Unit title Unit code Requirement type Description
Introductory Chemistry CHEM10101 Pre-Requisite Compulsory
Energy and Change CHEM10212 Pre-Requisite Compulsory
Coordination Chemistry CHEM10312 Pre-Requisite Compulsory
Structure and Reactivity CHEM10412 Pre-Requisite Compulsory
Chemists' Toolkit CHEM10520 Pre-Requisite Compulsory

Aims

The unit aims to:

  • give students an insight into current challenges in chemistry research, pitched at a level based on prior learning up to the end of Y1
  • enable students to appreciate the role chemistry plays in tackling societal problems relating to sustainability, energy, environment, manufacturing and healthcare.

 

Learning outcomes

On successful completion of the course students should be able to:

  • apply basic, introductory understanding of molecular biology and biochemical engineering to unseen biotechnology processes;
  • describe and explain enzymatic transformations using core knowledge of organic chemistry, chemical reactivity and mechanism;
  • compare and contrast classical chemical routes to pharmaceuticals and other chemicals with newer enzymatic strategies in terms of environmental and sustainability issues;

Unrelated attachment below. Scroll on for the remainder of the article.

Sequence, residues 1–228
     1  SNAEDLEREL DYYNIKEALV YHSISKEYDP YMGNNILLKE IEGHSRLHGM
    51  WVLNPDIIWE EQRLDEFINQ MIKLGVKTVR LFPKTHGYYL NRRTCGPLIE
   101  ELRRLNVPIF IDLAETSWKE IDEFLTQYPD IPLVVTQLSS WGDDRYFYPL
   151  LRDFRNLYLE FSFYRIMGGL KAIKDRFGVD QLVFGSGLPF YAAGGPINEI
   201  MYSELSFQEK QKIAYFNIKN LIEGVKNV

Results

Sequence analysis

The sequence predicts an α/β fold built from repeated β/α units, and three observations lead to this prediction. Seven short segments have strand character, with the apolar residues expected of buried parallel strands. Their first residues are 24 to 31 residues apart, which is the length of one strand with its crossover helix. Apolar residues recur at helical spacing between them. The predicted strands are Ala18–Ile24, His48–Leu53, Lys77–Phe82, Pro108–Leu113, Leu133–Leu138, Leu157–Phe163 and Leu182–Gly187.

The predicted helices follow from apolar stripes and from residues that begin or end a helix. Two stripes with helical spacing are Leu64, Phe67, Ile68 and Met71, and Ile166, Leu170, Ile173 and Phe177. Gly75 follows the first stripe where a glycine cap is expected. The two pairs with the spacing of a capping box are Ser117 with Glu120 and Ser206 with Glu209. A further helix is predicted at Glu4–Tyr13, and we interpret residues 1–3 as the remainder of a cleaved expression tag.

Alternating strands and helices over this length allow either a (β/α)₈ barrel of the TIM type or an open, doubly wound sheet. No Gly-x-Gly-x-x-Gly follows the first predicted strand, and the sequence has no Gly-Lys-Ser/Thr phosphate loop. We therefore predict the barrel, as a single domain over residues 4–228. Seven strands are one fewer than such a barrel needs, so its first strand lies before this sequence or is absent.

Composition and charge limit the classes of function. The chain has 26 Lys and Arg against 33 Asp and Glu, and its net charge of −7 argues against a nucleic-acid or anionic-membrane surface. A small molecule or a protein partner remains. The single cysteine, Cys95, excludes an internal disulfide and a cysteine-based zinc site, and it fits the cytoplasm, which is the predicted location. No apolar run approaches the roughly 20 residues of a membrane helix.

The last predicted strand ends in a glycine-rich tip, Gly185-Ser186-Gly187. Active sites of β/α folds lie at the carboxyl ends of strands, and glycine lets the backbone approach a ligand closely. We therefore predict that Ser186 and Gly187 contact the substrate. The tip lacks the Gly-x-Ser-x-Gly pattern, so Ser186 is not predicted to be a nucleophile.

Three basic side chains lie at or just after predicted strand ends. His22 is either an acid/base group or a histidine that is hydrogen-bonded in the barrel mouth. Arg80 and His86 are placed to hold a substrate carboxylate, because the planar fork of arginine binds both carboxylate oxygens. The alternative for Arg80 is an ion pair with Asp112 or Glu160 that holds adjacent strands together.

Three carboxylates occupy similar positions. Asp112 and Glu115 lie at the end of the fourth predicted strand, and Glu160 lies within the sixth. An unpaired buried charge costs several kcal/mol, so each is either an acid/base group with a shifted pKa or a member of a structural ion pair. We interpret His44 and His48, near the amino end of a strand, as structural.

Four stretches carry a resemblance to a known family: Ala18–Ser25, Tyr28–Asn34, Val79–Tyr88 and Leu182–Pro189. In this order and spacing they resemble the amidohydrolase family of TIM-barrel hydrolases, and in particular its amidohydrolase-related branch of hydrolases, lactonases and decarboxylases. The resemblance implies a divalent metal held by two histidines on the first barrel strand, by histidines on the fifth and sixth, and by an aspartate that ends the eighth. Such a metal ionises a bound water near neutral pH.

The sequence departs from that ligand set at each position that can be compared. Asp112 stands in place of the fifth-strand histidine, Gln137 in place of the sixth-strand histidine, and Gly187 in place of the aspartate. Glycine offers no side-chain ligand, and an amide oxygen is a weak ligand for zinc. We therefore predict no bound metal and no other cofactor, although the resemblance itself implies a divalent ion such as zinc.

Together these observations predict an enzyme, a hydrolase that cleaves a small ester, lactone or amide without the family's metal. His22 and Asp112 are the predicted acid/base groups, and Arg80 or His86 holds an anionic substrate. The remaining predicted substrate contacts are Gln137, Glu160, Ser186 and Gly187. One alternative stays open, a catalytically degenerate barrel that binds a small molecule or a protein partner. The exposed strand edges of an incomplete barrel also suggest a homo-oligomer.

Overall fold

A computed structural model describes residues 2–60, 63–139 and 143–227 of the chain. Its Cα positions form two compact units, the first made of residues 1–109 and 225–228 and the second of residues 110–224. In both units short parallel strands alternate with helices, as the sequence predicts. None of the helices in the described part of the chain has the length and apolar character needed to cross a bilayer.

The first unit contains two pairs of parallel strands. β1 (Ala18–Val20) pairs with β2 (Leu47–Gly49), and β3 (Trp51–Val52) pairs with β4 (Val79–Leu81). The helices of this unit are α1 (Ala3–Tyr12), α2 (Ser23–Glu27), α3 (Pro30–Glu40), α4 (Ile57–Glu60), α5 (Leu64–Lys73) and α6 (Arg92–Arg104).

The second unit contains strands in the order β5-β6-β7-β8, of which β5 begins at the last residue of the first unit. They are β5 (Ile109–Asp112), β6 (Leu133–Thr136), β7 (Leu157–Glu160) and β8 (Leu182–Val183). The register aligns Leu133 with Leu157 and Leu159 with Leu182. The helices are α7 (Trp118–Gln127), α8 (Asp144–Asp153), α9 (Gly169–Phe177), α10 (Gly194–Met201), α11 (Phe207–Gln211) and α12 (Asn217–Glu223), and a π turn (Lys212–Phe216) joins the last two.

• discuss the contribution that chemistry can make in tackling global challenges related to clean water, affordable and clean energy, and climate action;
  • explain the basic principles of membrane and adsorption technologies;
  • discuss materials and processes for desalination, wastewater treatment, biofuel production and purification, and carbon dioxide capture;
  • describe the framework chemistry of crystalline microporous inorganic materials using considerations of structure, chemical composition and charge balancing;
  • describe the synthesis of crystalline microporous inorganic materials including considerations of chemical species, concentration, temperature and time, and use these factors to predict aspects of the resulting products;